So, what we usually recommend as the steps in this value stream is, you have an idea. Everything is idea or hypothesis, that, “We want to improve marketing,” and you would say, “We’re changing websites for everybody. That’s what we do.” Okay, what are the steps for that? So, you present that business case, so the second phase after having an idea, and again, if you’ll go to Consolidator Operating Framework on our website, and you will find the top value streams, so it’s executive value streams, and when you click on it, you’ll find them all in there. It looks like a Kanban board. So, idea is then transformed into the business case. What needs to happen with an idea to become a business case? It needs to be validated. It needs to explain how it will deliver value. And it needs to be presented to the entire team, which is as you experienced in VIS, and you are part of it now, that is extremely important. Because if you will kick off initiative and marketing, and nobody knows about it, this is how silos form. This is how big companies are doing, every single one of the departments is doing their own thing without consideration, budget consideration, sharing and the processes could be redundant, or disconnected.
I know we’re talking about the Kanban board as a way to visualize those streams and to map them. Is there another way? I know that’s something that we’re big advocates of and big fans of. Is there another way that people could map those? Or is there another idea that might be something that people, if they’re not familiar with Kanban, maybe that they could wrap their head around how to map those and visualize them?
I never thought about the different way, because it’s just such a simple thing. You have the phases that you allow – I don’t know, you can have buckets, and then you can put sticky notes instead of the – I don’t know. But to me, it’s just such a simple thing to sit down as a team and say, “Okay, how do we create every single thing?” And what is very important in this is that this needs to be flexible for the entire organization. The reason for it is that then you can adjust any software that manages the process like Kanban. And then you can have all of the departments have their right size initiatives in front of everybody, and they can monitor them.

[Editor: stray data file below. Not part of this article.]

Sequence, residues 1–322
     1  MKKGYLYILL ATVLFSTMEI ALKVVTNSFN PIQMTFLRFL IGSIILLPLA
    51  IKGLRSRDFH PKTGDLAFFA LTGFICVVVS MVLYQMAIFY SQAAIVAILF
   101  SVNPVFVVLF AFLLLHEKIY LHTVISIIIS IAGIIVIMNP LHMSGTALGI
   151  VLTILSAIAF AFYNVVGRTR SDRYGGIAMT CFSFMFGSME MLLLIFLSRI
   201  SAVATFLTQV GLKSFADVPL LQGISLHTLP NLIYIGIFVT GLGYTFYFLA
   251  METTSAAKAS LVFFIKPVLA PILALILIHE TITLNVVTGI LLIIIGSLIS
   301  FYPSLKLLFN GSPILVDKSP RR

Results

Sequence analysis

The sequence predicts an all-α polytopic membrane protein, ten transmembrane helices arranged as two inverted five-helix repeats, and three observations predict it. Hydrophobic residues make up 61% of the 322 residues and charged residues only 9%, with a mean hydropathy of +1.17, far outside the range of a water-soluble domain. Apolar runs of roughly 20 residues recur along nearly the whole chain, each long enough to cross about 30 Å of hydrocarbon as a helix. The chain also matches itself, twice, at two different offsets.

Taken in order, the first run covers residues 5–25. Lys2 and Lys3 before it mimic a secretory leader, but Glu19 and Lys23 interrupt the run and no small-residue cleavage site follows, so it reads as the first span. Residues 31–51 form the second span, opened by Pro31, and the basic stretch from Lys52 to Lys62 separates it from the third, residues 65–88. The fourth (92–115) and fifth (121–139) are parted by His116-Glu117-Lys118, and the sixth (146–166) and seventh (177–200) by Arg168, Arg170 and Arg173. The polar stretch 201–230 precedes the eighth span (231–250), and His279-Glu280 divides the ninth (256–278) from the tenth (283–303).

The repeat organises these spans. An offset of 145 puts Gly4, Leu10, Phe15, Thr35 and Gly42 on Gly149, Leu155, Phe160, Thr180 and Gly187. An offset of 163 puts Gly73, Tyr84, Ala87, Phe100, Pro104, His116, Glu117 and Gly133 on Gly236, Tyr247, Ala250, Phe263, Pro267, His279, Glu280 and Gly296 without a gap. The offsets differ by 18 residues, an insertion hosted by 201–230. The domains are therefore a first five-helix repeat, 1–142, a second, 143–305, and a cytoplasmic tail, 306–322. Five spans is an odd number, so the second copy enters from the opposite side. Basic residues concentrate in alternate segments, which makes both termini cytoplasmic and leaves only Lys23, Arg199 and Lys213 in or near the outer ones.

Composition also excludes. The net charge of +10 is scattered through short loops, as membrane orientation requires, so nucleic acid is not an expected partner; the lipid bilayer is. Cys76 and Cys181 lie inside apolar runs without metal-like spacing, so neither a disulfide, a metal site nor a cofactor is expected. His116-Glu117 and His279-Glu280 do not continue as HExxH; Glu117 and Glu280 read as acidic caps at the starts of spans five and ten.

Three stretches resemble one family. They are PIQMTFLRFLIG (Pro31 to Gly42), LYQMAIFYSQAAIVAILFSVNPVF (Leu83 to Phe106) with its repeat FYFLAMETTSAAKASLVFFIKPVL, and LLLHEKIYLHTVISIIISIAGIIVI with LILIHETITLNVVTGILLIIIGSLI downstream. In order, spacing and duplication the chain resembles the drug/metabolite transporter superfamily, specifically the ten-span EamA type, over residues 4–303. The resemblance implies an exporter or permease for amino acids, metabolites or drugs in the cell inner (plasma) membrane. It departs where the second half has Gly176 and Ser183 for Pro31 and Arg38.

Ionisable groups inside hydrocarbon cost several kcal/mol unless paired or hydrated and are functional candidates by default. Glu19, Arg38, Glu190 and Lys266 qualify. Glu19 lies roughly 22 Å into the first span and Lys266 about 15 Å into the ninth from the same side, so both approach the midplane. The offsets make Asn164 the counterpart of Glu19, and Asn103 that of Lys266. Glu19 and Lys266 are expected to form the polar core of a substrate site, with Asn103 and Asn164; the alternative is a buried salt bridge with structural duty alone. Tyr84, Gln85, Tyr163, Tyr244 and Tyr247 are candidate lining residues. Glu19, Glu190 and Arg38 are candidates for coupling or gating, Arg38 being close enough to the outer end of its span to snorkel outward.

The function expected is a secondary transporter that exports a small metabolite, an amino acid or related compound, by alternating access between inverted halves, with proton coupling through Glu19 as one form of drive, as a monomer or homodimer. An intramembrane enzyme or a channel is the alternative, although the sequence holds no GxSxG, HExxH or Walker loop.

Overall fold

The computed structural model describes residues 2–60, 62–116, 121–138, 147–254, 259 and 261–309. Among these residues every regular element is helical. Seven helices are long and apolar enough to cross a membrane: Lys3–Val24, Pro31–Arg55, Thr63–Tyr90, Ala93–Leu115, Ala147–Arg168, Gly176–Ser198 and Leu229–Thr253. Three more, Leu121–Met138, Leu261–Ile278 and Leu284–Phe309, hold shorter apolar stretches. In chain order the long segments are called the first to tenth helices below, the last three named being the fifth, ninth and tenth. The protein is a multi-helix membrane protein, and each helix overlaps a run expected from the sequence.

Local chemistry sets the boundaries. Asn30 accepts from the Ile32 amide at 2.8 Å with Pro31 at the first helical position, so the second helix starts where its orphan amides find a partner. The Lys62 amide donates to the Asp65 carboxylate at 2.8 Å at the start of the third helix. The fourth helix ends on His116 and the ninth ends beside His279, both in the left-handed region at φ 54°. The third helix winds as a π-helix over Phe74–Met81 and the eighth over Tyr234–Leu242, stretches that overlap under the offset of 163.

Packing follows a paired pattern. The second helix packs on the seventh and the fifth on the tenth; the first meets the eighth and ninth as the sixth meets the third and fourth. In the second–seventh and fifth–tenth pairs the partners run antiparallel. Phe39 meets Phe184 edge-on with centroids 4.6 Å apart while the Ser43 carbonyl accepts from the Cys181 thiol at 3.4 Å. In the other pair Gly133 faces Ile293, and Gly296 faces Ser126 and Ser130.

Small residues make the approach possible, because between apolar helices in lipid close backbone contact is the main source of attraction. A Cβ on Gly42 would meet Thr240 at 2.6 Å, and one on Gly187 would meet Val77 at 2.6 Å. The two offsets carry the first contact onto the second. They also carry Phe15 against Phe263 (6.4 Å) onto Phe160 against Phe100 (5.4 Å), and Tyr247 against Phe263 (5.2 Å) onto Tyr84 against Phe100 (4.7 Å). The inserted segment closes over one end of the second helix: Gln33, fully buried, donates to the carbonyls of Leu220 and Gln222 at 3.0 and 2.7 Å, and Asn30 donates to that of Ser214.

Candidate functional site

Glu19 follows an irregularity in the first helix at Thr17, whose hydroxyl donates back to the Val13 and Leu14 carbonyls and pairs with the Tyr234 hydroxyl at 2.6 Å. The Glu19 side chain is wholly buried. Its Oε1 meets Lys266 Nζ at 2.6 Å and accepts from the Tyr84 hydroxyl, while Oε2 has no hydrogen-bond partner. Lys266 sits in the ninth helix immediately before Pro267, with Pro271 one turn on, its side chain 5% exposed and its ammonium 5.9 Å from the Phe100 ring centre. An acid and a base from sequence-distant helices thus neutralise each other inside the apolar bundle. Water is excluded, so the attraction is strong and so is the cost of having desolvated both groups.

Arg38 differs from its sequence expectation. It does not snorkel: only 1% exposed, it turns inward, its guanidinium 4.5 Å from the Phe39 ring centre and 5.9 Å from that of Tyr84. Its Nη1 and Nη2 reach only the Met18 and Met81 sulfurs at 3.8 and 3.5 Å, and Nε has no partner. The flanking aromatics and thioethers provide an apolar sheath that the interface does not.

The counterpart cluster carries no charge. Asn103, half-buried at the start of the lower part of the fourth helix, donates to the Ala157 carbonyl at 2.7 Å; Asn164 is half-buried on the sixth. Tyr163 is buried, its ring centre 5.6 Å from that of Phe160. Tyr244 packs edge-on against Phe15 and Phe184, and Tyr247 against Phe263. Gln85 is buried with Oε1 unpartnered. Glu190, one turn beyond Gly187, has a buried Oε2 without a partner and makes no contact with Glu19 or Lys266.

So, the phases that I’m going through here, they are for any department, whether you’re IT, whether you’re executive, whether you’re hospital level, they’re the same if you are kicking off a new initiative, and they’re going through logical steps of approval, alignment, and then execution and then deployment of it. So, if you go back to this sort of diagram of the initiative, so we have an initiative, which was idea, we brought it as a business case to our town hall meeting or whatever you call those in your organization, and you presented it to everybody. They can challenge it, poke holes in it, understand that this is coming and then maybe add some things that you may need in requirements.
So, once that’s kicked off, you should be moving into the phase of exploration. Instead of jumping in and starting doing something, you need to explore the budget, this software that you might need, or whatever you’re using for it. All the inputs, all the information, before you actually start doing it. Once you’ve collected all the information, all the stakeholders, everybody who could be involved, then it goes into actually developing a process. So, once you develop the process, then all the stakeholders need to approve it and then you create the training. Because none of the processes created in the organization without a plan to deploy will succeed. So, then you create the training, and then you move it into the column, done. And then done has the – there’s the definition of done in the done column, if you will, which is showing to everybody, “This is what we created,” and it doesn’t have to be exhaustive. But in the same town hall meeting, you just say, “Hey, guys, in our quarter, we had this plan to build the process of inventory management, the hospitals. I presented it two months ago, now it’s ready, we developed it, here’s where the training is, this is how we’re going to deploy it. This is what is ready.”